Popliteal artery entrapment syndrome (PAES) is a relatively rare condition that occurs in young patients as a result of anomalous anatomic relationships between the popliteal artery and the surrounding musculotendinous structures. Patients usually lack atherogenic risk factors and most commonly present with intermittent claudication in the early stages. In the later stages of undiagnosed PAES, acute ischaemia can occur as a result of complete arterial occlusion or embolism. Hence, early diagnosis and surgical release of the entrapment is crucial for good operative outcome and to prevent limb loss.

1. Introduction

The anatomical basis of popliteal entrapment was first described by Stuart in 1879 [1] and the term “popliteal artery entrapment syndrome” was introduced by Love and Whelan in 1965 [2]. The condition is more common in men with a male-to-female ratio of 15 : 1 and can sometimes be bilateral [3]. Its true incidence is unknown but varies between 0.2%–3.5% [4]. PAES is mostly found in young sportsmen or soldiers with well-developed muscles and has even been described in military personnel who operate armored vehicles [5]. Typical patients are young and, therefore, lack the risk factors that would predispose them to atherosclerosis. The lack of such risk factors is the main reason for diagnostic delay [6]. The following case report outlines an unusual presentation of unilateral popliteal artery entrapment syndrome and delves into the importance of early diagnosis.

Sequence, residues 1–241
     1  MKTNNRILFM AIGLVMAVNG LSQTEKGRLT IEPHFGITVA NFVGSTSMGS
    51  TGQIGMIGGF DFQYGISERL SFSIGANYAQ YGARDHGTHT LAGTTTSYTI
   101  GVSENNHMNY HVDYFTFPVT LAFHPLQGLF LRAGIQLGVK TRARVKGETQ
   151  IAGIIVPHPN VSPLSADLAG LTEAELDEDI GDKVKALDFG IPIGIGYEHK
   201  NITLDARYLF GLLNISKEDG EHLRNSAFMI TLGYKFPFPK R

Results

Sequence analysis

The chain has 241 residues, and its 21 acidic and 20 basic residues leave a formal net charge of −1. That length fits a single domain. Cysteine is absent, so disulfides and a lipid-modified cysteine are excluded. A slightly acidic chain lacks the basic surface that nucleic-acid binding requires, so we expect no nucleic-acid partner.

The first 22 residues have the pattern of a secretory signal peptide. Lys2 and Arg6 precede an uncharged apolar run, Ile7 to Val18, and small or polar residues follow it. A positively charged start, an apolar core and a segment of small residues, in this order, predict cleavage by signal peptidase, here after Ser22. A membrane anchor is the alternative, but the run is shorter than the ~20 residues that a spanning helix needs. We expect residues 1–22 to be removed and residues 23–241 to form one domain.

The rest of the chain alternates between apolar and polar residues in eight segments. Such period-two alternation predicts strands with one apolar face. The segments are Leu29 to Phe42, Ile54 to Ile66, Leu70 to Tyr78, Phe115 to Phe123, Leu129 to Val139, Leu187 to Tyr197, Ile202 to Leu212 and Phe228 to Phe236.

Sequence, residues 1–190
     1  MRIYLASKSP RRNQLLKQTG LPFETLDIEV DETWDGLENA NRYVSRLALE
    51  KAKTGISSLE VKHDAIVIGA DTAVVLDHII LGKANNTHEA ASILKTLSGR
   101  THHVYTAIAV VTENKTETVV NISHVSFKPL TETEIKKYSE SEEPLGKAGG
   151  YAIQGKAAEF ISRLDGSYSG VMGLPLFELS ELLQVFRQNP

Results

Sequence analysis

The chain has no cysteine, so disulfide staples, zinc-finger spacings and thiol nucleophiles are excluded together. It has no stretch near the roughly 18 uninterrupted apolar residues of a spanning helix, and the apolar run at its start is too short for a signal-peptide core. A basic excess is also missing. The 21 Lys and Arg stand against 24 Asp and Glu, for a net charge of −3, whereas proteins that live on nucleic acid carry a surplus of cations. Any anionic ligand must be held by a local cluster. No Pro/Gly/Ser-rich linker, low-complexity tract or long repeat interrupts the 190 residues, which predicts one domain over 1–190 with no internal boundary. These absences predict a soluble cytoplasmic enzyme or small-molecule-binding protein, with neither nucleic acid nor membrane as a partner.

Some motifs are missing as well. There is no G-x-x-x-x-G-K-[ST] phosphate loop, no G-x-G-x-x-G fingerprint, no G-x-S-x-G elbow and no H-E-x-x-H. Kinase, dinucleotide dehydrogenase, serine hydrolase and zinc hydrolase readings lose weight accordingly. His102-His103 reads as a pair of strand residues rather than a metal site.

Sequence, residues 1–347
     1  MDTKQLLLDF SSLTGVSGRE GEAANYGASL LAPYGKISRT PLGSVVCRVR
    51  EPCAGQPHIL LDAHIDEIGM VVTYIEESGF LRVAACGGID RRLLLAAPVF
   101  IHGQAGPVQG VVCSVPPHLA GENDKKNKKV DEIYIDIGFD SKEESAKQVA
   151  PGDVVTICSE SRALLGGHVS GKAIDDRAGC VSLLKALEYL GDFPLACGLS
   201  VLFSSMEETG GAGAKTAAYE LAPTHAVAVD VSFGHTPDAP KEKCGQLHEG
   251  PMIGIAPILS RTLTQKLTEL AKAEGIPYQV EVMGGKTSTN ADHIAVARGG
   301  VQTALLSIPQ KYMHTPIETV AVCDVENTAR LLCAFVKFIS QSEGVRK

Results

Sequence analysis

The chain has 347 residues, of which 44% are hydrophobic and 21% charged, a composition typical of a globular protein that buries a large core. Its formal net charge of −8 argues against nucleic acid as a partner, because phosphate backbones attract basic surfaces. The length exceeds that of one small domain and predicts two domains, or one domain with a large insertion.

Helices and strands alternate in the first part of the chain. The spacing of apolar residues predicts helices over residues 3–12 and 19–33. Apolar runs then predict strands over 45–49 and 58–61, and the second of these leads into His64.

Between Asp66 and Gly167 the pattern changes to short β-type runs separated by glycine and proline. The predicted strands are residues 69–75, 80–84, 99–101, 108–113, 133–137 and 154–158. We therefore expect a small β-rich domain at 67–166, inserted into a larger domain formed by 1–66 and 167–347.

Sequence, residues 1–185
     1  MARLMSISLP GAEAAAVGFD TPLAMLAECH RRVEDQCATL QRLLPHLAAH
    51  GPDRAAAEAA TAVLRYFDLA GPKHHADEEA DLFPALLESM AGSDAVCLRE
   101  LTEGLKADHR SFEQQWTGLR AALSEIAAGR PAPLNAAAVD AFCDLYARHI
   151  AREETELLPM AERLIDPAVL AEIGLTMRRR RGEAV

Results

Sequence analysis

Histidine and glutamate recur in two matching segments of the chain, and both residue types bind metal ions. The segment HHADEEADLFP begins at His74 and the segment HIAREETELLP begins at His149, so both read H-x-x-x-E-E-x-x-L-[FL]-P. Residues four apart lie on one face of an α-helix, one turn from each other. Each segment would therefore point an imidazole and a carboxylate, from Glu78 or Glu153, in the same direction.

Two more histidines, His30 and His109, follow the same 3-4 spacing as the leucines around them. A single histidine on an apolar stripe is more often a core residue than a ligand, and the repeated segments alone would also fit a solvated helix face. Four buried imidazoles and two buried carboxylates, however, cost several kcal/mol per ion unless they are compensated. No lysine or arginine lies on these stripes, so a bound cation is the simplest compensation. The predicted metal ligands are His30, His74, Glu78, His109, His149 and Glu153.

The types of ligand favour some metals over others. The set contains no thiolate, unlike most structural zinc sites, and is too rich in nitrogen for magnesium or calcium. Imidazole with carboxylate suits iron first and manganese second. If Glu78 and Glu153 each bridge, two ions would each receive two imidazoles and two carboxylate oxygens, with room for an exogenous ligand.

2. Case Report

A 24-year-old fit-and-healthy ex-army officer presented with a two-day history of a cold, numb, and painful left lower leg; he had been doing vigorous exercises two days prior to admission. Over the past few months, the patient had experienced similar worsening leg pain after running long distances. Apart from smoking (5 pack years), the patient had no other significant cardiovascular risk factors.

Physical examination revealed a regular heart rate of 60 beats per minute and a blood pressure of 120/80 mm Hg. There was no palpable abdominal aortic aneurysm. Examination of the right leg was unremarkable. On the left side, there were normal palpable femoral and popliteal pulses, but no palpable distal pulses. The left foot also appeared paler; however, motor and sensory functions were intact.

An angiogram revealed a thrombotic occlusion of the proximal half of the popliteal artery and a small embolus in the mid-peroneal artery (Figure 1). Intraarterial thrombolysis (Alteplase) was commenced. A 24-hour followup angiogram showed a reduction in the size of the thrombus; however, there was still a stricture at the midpopliteal artery with an irregularity of the wall. The stricture was accentuated with the foot in dorsiflexion and plantar flexion. At 48 hours, the angiogram demonstrated that the thrombus had largely resolved; however, the stricture was still present. The site of stenosis was angioplastied which resulted in a marked improvement in blood flow.